Human beings are incredibly social animals, being one of the few species that cooperates in groups of thousands, and the only one that cooperates amongst individuals that don’t share the same genes, unlike bees or ants that breed with a queen. Our ultra-sociality leads us to interesting behaviors where we follow the leads of others as in these social influence videos.
Social influence operates in the realm of reconciliation as well, as evidenced by this recent paper published in the Journal of Experimental Psychology by Fiona Barlow and colleagues. In this study, the novel way that social influence was used was to get members of a perpetrator group (non-Aboriginal Australians) to be more willing to reconcile by having members of a group apologize and then having other members of that same group (as opposed to the aggrieved other group) accept the apology.
From the article:
There is an implicit assumption that perpetrators’ moral image restoration following an intergroup apology depends on absolution from victims. In this paper we examine whether perpetrators can in fact look to other ingroup members for moral pardon. In Studies 1 and 4, Australians read an apology to Indian people for a series of assaults on Indian nationals in Australia. In Studies 2 and 3, non-Aboriginal Australians were provided with apologies offered on their behalf to Aboriginal Australians. In each study participants were told that other perpetrator group members had either accepted or rejected the apology. In line with predictions, when perpetrator group members heard that fellow perpetrators accepted an apology made to victims they felt morally restored, and consequently were more willing to reconcile. Effects were largely unqualified by apology quality (Studies 2–4), and held in the face of victim group apology rejection (Studies 3–4). We demonstrate that perpetrator group members can effectively gain moral redemption by accepting their own apologies, even qualified ones that have proved insufficient to victim groups.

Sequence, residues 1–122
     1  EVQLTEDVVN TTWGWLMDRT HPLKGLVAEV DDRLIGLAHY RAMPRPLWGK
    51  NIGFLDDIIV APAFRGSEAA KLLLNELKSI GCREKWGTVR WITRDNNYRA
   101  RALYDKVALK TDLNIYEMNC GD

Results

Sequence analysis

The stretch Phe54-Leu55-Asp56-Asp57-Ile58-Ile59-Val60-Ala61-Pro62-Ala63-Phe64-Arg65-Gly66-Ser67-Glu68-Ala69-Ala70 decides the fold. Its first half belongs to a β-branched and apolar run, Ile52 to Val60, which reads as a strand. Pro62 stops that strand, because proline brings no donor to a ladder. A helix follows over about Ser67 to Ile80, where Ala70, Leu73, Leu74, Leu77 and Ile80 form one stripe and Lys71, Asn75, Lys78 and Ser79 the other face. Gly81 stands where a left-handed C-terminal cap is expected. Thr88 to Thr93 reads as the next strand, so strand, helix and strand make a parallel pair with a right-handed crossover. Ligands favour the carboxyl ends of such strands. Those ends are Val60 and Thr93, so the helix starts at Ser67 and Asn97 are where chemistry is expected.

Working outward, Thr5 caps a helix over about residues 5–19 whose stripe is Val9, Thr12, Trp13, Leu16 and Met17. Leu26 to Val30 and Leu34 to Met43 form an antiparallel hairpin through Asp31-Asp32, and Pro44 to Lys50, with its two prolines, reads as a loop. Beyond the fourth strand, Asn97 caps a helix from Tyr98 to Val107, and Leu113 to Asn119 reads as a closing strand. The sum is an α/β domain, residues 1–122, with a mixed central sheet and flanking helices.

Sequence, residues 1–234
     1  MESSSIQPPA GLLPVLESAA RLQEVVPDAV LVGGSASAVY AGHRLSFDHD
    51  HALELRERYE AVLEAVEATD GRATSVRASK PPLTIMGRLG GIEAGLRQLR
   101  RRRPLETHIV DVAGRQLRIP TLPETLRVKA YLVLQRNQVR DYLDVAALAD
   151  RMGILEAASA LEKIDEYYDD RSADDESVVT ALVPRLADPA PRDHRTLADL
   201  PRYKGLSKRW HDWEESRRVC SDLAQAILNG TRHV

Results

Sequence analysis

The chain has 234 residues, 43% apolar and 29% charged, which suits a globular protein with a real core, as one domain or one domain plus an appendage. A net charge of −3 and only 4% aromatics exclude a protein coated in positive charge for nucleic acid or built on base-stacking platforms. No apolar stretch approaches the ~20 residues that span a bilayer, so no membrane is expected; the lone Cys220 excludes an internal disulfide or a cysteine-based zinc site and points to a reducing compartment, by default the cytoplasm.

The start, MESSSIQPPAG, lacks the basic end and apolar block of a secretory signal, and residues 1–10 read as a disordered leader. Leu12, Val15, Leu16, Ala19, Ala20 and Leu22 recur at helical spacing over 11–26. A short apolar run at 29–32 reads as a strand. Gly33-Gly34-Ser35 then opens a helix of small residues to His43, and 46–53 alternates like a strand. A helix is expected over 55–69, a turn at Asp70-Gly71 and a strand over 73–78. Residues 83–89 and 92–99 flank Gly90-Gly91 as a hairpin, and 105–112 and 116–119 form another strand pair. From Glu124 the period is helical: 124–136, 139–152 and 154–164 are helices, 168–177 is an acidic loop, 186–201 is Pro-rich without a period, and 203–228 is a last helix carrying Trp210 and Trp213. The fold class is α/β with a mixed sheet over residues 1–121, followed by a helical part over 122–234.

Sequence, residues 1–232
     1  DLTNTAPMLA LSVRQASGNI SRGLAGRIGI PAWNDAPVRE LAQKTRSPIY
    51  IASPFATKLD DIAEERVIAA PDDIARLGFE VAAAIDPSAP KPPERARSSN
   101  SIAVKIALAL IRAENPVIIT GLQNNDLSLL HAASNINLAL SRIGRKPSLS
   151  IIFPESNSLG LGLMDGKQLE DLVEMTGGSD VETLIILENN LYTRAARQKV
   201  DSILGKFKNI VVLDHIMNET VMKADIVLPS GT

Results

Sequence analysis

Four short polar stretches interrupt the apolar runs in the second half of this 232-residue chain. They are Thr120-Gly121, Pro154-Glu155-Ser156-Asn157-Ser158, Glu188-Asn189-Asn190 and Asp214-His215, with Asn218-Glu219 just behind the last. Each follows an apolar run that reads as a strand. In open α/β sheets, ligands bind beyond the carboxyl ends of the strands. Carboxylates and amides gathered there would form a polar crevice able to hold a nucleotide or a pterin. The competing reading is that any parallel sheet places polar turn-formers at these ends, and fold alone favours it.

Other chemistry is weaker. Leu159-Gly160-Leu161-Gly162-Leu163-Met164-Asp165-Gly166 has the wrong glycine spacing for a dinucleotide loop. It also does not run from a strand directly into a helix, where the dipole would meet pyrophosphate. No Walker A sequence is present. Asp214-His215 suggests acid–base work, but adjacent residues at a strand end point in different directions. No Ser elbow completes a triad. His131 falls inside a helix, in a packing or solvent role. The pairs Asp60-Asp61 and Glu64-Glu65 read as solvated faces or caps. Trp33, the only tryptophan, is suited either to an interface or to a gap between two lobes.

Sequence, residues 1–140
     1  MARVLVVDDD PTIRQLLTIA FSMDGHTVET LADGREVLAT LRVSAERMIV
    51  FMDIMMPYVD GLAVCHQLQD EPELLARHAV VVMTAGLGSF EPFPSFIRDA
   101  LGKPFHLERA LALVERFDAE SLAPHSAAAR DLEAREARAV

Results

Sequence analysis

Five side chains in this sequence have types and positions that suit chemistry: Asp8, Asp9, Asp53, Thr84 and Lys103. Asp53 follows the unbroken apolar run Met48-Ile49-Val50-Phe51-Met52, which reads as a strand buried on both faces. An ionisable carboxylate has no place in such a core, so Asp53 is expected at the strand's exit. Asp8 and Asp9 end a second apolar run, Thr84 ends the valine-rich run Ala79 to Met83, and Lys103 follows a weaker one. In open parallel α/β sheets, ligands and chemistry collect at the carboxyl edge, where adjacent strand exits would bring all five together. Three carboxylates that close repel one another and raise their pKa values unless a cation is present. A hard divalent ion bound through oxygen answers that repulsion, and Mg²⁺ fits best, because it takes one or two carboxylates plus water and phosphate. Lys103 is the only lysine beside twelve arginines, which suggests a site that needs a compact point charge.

How can readers of this site use this research? As has been found in other research areas, seeing information that implies that relationships between groups are being improved, even in a somewhat illogical way, leads to the reality of relationships between groups being improved. In this way, information about how divided and in-conflict any two groups are leads to a self-fulfilling prophecy as does information on how united and/or related two groups are. Given that most groups have a mixture of this information available, it would seem useful to emphasize the later when one wants to increase the chances of reconcilliation and bridge moral divisions.
- Ravi Iyer